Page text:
Thursday, 24 July 2014

Ukraine: the feed trough of the Soviet Union?

It's a fact that every article ever written about Ukraine agriculture starts off with the assertion that the country was once the bread basket of the Soviet Union.

Except it wasn't.

It did produce a lot of grain but my local reliable sources tell me that at the time quality was low and most was used for animal feed.

But Ukraine, the feed trough of the Soviet Union doesn't have the same ring to it.

Ukrainian agriculture consistently fails to live up to expectations and production figures stubbornly scrape along at unimpressive low levels although this year is looking like it might be slightly better than the average.

Compared to the ten year average for EU27, Ukraine grain yields ranks 24th right behind Romania and Estonia and just ahead of Greece and Cyprus.

Hardly stuff of legends.

Recognising that a lot of Ukraine’s wheat comes from subsistence farmers who lack technology and finance for seeds and fertilisers which skews the average yield downwards, the professionally run well financed agribusinesses don’t do much better either.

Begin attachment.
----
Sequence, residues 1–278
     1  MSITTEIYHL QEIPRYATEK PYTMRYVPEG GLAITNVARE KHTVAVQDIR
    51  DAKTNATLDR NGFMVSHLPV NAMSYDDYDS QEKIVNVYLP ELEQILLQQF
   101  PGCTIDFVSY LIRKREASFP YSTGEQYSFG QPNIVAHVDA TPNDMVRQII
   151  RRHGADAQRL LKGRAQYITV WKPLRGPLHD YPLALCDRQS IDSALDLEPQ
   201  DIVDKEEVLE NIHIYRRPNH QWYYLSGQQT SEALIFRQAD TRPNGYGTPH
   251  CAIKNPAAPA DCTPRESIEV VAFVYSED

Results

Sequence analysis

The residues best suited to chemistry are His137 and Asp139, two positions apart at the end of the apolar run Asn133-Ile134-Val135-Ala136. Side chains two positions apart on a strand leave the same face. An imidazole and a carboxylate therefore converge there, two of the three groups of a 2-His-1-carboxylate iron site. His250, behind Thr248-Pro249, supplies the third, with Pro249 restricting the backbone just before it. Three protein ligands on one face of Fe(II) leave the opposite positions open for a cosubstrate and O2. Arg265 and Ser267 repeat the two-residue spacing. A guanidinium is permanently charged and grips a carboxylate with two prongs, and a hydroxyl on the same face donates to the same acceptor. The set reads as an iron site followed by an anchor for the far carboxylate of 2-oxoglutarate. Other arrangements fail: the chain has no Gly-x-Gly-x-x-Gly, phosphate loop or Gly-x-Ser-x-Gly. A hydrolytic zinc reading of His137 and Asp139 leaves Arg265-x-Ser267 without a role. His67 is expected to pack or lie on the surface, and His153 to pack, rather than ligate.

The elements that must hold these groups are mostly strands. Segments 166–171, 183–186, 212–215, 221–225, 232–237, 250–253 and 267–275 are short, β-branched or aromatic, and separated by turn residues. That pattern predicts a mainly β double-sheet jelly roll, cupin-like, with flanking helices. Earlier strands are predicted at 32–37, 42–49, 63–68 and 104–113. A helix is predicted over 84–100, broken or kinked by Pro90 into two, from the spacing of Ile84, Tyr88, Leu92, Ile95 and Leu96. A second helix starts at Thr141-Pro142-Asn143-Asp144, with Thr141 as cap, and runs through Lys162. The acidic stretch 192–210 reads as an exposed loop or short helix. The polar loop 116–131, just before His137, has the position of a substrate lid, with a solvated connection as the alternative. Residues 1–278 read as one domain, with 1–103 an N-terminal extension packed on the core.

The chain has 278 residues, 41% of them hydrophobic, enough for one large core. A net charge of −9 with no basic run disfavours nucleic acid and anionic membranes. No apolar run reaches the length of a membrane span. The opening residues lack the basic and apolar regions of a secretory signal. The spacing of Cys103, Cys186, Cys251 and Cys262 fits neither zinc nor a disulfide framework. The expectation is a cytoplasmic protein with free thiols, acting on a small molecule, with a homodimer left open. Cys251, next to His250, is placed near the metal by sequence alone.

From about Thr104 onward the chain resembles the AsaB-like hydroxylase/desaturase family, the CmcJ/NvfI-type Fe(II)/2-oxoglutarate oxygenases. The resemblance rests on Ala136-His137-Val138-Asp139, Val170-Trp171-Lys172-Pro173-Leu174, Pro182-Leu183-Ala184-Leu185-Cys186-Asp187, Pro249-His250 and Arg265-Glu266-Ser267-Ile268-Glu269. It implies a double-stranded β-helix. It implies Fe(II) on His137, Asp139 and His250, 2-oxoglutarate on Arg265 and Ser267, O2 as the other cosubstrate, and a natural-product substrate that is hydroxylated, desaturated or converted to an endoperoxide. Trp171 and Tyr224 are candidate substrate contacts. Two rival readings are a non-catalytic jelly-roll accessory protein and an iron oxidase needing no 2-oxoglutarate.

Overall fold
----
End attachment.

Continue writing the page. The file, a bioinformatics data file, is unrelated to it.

Wheat yields published by four of the big agribusiness rarely exceeded 4.5mt/ha which would rank them 13th out of an EU29. 

Better but still not great when you consider the average yield for the top five producing countries was over 8.4mt/ha.

So why does Ukrainian agriculture consistently fail to live up to the hype?

Depressingly it's a long, long list of technical, economic and political issues but less depressingly it is relatively easy to pick off some of the low hanging fruit and to see an immediate uplift.

I class those changes in to three areas.

Those that cost nothing but involve a change to management, often not doing something like not "sealing in the moisture" which is a cultivation practice that can best be described as recreational.

Those that cost a relatively small investment such as changing the five year old sprayer nozzles.

Then there is the big investment expenditure such as buying more efficient and effective equipment that allows you to do the job better and in a tighter timing window.

Then overarching all of this is the attention to detail brought about by bringing local staff on with the new approach.

A positive from this is that once those new, young managers are introduced to new methods and management styles they rarely want to go back.

The future is bright for Ukraine even if it doesn't much feel like it right at this moment.